A poetry reading by Thomas A. Clark is a rare and special occasion, so we took leave this week and headed up to Grasmere to hear him. Earlier this year Carcanet published a new collection, Yellow & Blue - 'a series of small acts of attention, repeated attempts to step outside the circle of human concern and into a wider responsibility to the natural world.' It begins in an empty landscape, as a scree slope tumbles unregarded into a green lochan, but signs of human activity soon become apparent - in a dripping rope, plastic piled up by a storm, the remnant of a net clinging to a teasel head. And whilst this book, like his earlier collections, suggests ways of being in the world and attending to rocks and water, trees and flowers, light and shadow, it does not neglect the history of the Highlands and Islands, imagining moments in the lives of those whose abandoned homes are only occupied now by the sheep. 'Bending down / by the burn / to pick fresh / water mint / did they pause / for a moment / out of the wind.' As we listened to these poems in the comfortable book-lined reading room of the Jerwood Centre, thunder could be heard gathering outside over the darkening fells. The storm died away, the reading came to an end and we headed off into the night. Yellow & Blue ends in two forms of illumination... 'a lamp of fish oil / with a wick of rushes / gathered by the light / of the full moon.'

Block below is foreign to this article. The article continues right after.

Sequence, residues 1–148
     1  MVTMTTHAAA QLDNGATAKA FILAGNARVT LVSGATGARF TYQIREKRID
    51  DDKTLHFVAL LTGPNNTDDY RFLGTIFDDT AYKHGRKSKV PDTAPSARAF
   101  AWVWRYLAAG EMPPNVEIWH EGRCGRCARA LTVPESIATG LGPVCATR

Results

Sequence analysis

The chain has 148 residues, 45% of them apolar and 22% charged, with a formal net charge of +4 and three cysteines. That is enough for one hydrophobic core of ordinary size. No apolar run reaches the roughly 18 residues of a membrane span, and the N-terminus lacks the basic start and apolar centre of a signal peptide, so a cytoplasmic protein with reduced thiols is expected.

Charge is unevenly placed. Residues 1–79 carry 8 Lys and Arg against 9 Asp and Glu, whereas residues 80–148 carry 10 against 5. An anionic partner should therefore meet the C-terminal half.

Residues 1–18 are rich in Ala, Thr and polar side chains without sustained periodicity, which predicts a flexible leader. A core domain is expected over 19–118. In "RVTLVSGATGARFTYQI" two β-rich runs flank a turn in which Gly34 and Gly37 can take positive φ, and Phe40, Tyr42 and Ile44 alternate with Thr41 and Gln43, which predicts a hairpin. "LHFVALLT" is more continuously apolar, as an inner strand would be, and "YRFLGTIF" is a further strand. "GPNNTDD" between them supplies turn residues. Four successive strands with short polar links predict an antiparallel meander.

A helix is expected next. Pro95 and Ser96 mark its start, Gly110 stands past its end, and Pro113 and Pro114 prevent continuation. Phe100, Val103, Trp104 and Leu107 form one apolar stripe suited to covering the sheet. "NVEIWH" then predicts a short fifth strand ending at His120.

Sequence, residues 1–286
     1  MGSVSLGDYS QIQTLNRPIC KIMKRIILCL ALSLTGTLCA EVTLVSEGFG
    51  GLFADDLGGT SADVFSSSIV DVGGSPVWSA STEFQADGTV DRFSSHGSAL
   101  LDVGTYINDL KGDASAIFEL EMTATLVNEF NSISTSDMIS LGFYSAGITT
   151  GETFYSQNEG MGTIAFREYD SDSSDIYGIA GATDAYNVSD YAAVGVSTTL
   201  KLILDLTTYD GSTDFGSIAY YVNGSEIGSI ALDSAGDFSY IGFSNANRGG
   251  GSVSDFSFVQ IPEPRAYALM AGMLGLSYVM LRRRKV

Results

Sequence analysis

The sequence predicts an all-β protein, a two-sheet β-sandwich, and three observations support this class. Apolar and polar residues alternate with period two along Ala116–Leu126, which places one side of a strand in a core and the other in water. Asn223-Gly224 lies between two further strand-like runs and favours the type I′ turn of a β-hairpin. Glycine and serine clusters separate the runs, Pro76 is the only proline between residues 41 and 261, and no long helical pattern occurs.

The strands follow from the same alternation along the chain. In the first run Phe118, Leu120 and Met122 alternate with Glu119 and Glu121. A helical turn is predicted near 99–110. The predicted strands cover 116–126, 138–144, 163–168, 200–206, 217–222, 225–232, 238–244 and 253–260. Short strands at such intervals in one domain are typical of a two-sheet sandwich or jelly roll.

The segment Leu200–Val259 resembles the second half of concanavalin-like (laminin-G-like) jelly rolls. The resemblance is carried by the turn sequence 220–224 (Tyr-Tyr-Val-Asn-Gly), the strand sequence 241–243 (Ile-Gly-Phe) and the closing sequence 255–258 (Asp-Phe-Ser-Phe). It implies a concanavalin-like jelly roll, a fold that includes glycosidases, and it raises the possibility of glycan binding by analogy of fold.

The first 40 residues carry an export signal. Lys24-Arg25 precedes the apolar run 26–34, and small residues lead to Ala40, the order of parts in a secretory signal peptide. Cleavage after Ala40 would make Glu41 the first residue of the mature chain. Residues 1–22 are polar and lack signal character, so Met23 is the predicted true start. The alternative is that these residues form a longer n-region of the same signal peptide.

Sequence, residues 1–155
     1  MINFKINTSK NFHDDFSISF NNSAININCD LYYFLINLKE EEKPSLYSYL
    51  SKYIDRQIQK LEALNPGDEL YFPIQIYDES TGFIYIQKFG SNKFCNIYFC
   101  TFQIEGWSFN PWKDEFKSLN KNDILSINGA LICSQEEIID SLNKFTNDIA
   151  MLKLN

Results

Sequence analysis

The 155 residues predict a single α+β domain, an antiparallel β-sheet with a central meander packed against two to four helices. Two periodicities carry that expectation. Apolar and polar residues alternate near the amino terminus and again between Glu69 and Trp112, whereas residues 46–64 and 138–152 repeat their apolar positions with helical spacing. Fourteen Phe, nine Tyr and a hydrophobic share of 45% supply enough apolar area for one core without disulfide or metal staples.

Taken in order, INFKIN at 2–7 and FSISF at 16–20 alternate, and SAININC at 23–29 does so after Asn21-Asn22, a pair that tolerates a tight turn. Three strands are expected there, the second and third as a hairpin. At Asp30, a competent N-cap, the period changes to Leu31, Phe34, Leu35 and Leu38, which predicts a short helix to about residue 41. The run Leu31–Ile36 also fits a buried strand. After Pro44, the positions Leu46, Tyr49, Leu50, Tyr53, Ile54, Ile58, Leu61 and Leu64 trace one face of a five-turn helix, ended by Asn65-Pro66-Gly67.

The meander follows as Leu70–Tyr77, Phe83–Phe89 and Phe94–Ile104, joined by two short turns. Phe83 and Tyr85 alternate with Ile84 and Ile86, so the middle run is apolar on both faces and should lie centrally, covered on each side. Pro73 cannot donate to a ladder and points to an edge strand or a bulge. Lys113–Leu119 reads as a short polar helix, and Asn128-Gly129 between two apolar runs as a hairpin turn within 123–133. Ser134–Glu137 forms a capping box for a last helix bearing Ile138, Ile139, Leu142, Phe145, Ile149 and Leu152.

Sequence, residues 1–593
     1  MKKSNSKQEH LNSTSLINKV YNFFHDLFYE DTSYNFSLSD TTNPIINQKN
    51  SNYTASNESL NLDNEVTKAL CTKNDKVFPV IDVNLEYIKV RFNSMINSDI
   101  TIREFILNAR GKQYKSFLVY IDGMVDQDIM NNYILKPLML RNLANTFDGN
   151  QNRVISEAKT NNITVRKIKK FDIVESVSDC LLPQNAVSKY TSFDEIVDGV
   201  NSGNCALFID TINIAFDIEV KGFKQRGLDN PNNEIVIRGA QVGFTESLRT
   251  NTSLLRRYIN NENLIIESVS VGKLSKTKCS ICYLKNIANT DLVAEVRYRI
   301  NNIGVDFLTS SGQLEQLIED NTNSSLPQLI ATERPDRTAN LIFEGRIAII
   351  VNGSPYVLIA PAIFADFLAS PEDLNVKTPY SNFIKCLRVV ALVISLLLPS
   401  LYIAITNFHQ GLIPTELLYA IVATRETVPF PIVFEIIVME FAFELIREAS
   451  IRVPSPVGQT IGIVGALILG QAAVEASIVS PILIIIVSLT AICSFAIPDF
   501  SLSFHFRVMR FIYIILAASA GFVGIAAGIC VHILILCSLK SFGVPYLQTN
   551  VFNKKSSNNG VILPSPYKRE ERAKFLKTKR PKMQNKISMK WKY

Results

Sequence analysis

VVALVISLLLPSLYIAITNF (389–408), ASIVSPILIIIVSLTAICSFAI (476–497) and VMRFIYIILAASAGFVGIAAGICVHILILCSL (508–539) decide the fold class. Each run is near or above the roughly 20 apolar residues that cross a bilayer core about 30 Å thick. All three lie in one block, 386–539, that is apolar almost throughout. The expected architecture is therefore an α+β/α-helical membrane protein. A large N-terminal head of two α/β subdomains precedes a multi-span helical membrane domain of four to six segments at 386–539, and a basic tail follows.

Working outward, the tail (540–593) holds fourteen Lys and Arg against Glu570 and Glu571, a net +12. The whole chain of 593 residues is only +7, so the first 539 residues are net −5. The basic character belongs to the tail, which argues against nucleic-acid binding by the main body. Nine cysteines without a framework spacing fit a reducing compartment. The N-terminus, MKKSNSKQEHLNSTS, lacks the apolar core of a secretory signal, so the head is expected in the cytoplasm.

Postscript: Before the reading began we saw staff at the Jerwood setting up a new exhibition, 'Wordsworth and Basho: Walking Poets', which will feature new work by contemporary artists. It was a pity to miss this - it starts this weekend and runs until November - but we managed one or two other things in the Lake District that I might mention here. The photograph above is from a walk we did near Coniston Water on the morning of the reading.